Co-penned with dad Steve and featuring wheezing accordion and whistles, the whimsical lurching ‘The Squire and the Parson’ is apparently based on a local folk tale involving much strong wine, a night-time coach journey and the two characters mistaking each other for a highwayman and knocking one another about.

A bittersweet mood shrouds ‘The Wanderer’, a poignant self-penned story about a man from her village suffering from Alzheimer’s who spends his time walking in search of his lost soul mate. Staying local with a dedication to the Barr Family who host Rusby’s Underneath The Stars Festival, ‘The Farmer’s Toast’ is another airy, waltzing accordion-based arrangement of a song originally published as a broadside in the early 19th century celebrating the idyllic pleasures of farming life a century earlier.

That soul-swelling sense of joy spreads over the Rusby original ‘As The Lights Go Out’, on which, joined by Chas MacKenzie on electric guitar and Sam Kelly on vocals, another anthem to hope in the face of loss, grief and doubt as she sings about facing the dawn with a smile and how “Tonight the stars are yours and mine.”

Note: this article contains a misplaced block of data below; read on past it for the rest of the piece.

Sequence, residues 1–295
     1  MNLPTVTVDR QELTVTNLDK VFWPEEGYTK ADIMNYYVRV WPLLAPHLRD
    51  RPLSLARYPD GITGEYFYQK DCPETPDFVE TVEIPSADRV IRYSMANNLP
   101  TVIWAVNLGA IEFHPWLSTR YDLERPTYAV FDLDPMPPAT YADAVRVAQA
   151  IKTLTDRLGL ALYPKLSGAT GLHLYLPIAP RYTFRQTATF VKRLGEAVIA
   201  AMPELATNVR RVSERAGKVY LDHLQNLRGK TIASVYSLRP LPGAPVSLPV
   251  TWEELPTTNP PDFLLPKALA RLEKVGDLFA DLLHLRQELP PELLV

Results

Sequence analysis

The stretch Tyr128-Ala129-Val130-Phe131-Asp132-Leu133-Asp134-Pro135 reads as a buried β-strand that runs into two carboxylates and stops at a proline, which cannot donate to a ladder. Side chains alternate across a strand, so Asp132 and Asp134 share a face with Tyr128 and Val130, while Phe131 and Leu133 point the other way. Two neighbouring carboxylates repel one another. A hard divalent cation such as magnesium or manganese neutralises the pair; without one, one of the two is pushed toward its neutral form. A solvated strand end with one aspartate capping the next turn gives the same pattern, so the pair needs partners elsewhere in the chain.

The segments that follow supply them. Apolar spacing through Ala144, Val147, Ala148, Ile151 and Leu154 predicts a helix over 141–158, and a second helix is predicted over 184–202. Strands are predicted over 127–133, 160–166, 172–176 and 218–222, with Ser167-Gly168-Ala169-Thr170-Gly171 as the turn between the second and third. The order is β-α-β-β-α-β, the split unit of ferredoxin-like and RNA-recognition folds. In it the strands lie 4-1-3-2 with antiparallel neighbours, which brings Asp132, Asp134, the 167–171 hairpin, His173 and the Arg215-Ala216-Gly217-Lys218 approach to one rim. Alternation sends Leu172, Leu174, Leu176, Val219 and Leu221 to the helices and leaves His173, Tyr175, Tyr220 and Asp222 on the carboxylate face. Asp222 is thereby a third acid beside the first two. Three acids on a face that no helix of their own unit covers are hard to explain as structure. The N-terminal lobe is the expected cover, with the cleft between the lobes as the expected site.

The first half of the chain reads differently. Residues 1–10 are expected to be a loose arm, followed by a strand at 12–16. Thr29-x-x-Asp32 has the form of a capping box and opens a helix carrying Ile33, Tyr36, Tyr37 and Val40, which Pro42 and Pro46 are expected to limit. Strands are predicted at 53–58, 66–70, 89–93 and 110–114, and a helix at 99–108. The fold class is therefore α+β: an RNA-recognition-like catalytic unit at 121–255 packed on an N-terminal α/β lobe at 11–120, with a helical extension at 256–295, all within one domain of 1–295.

It closes though on a much darker note the self-penned ‘Halt The Wagons’ conceived as a lullaby to the 26 children, 15 boys and 11 girls aged 7-17 from Silkstone, who, in 1838, were drowned in the Barnsley Huskar Pit disaster when the coal mine shaft in which they were working was flooded in a freak storm, their bodies found with their arms around each other for comfort. Written to commemorate the 180th anniversary, it features evocative Yorkshire brass and euphonium but, more movingly, 26 members of the Barnsley Youth Choir of the same ages and gender, recorded underground at the National Coal Mining Museum of England. It’s impossible to listen to without welling up.

The booklet features quotes from three Greek philosophers, among them Aristotle who said “It is during our darkest moments that we must focus to see the light.” Kate Rusby bears the torch.

Mike Davies

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‘Jenny’ – live:

Lori Watson announces two new albums

Lori Watson